Over the last few years, I have worked with a lot of young families to plan how they will save for retirement and fund education costs for their children. Their problem was simple: they knew they needed to save more but they didn’t know where to trim their budget. Or their budget was already trimmed if a spouse was staying home to raise children and they lived on one income. They didn’t know how to get started.
One solution that I brought up was to earmark the majority of any future raises (or future income from the spouse not currently working) to be directed into savings (college, retirement, other). On paper and in concept, it makes a lot of sense. This post shares the experience of someone who carried out the same kind of strategy for many years.
The problem that ends up holding many people back from reaching their goal with this kind of strategy is a concept called Lifestyle Creep or Lifestyle Inflation. This occurs when someone receives a raise and instead of immediately increasing their 401(k) contribution amount, they put it toward something to make their life more enjoyable. It could be an improvement to the house, an extra vacation, a new car, or just eating out more frequently. The “needs” of today end up outweighing the “needs” of tomorrow.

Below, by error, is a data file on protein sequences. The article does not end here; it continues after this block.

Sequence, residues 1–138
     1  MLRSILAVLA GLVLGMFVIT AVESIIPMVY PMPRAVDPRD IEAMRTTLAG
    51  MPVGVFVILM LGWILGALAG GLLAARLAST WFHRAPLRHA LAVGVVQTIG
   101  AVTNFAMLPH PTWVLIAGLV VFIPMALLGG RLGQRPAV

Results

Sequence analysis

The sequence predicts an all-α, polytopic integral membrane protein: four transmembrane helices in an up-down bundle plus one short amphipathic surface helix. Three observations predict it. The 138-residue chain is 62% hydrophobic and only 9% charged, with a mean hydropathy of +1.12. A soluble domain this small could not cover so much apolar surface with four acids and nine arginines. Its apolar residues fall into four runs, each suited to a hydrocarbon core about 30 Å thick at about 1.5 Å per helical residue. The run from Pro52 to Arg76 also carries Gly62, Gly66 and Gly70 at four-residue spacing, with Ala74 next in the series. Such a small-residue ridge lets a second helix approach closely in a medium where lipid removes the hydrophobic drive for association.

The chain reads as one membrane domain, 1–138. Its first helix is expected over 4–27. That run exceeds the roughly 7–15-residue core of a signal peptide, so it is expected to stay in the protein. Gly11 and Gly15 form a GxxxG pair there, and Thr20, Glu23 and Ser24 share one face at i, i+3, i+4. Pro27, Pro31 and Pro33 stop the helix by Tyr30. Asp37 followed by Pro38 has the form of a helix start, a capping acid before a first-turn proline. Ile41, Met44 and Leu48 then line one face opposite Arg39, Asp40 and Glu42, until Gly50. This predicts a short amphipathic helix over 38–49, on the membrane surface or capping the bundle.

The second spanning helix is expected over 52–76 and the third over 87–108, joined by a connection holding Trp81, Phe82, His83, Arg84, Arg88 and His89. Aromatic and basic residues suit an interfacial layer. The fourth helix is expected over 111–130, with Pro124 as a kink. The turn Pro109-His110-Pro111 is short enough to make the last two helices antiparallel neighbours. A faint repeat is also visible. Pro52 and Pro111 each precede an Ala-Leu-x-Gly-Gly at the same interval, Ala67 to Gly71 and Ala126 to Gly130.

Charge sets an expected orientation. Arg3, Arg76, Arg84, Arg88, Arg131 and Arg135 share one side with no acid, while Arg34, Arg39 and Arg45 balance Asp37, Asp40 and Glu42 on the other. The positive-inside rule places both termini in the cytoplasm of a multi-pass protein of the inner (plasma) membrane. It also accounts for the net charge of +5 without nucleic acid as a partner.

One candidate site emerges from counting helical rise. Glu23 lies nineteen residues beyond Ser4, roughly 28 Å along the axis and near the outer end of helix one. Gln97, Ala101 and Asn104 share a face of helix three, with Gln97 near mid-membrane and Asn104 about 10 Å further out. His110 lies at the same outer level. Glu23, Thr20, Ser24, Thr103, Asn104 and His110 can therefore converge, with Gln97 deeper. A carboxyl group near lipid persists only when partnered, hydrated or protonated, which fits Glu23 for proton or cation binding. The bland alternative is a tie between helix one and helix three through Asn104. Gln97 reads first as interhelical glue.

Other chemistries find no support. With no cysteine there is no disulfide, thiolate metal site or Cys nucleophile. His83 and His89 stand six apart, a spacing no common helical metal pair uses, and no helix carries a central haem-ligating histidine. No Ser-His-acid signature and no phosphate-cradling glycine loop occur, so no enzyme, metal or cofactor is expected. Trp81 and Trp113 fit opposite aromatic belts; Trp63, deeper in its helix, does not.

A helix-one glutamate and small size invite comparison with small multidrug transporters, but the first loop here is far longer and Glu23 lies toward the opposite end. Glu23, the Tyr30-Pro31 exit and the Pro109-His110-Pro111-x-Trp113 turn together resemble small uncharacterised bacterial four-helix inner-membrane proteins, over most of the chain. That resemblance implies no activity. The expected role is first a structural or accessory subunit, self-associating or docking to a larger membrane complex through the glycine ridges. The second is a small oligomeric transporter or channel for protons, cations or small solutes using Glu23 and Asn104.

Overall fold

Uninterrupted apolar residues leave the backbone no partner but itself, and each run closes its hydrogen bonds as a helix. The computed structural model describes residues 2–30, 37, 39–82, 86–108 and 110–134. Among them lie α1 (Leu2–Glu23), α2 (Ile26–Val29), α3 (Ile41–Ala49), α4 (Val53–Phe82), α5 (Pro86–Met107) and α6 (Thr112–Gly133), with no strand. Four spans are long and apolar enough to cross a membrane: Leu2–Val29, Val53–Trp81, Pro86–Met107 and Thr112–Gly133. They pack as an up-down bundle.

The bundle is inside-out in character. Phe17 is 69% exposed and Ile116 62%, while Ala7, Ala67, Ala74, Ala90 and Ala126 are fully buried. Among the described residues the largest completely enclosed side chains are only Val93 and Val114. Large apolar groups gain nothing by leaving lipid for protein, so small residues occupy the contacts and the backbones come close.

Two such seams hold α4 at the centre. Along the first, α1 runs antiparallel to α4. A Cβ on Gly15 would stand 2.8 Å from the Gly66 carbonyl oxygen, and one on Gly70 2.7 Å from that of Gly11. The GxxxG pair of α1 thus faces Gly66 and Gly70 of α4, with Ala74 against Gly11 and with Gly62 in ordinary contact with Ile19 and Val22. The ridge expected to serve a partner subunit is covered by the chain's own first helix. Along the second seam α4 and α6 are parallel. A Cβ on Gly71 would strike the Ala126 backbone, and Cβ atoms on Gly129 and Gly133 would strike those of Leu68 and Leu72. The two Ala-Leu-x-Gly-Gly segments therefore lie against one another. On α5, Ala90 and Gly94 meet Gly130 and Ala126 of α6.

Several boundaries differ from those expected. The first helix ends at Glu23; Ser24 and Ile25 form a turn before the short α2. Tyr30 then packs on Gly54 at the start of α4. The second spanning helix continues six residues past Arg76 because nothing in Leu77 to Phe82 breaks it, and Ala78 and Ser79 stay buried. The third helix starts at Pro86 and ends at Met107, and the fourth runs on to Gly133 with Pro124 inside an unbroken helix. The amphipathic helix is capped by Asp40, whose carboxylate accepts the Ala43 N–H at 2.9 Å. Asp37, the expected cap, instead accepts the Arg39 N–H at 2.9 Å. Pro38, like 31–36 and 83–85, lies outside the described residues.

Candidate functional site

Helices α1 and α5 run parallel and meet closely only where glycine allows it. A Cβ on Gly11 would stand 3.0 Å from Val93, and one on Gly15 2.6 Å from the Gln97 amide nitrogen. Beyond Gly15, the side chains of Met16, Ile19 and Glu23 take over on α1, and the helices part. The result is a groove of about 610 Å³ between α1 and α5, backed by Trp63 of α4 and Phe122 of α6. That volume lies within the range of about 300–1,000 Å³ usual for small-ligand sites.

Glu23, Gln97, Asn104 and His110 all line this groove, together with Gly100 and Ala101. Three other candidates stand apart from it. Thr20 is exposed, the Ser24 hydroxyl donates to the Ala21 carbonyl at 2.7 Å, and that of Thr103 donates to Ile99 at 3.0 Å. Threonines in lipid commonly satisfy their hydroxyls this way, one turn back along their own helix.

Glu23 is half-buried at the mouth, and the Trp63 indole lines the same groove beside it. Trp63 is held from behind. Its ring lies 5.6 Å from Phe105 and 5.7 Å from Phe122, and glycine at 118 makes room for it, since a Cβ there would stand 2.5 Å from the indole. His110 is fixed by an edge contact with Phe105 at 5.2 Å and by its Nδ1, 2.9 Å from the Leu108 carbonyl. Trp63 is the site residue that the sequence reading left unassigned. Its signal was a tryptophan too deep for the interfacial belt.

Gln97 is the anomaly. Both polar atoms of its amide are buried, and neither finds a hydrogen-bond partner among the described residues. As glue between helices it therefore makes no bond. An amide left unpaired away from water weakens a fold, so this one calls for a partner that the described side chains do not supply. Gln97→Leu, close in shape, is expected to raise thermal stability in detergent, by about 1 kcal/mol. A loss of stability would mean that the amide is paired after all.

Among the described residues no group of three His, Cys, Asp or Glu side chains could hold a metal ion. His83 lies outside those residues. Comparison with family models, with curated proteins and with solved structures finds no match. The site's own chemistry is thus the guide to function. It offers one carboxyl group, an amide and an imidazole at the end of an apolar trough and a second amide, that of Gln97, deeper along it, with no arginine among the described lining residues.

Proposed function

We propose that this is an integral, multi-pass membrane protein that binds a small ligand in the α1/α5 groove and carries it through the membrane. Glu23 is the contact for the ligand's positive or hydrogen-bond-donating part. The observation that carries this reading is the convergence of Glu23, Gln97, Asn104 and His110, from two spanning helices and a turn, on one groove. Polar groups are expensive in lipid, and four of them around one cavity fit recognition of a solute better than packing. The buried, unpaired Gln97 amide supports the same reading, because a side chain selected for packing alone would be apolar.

Turns out, there is an evolutionary reason for this mindset. In the early days of our existence, it was feast or famine. Our ancestors adapted to their reality by consuming as much food as possible when it was available so they could survive when food was scarce. Unfortunately, we have not yet evolved to shed that mindset from our thinking. Short article here helps explain the concept.
The solution to this evolutionary crutch is to systematically and regularly increase savings rates. I work with some clients where we are increasing the rate at which they save two or three times a year. Mentally, it is easier to increase your savings rate by an extra $100/mo every few months rather than increasing the savings rate by $400/mo every year.
But even then, that solution doesn’t make up for good-old-fashion discipline.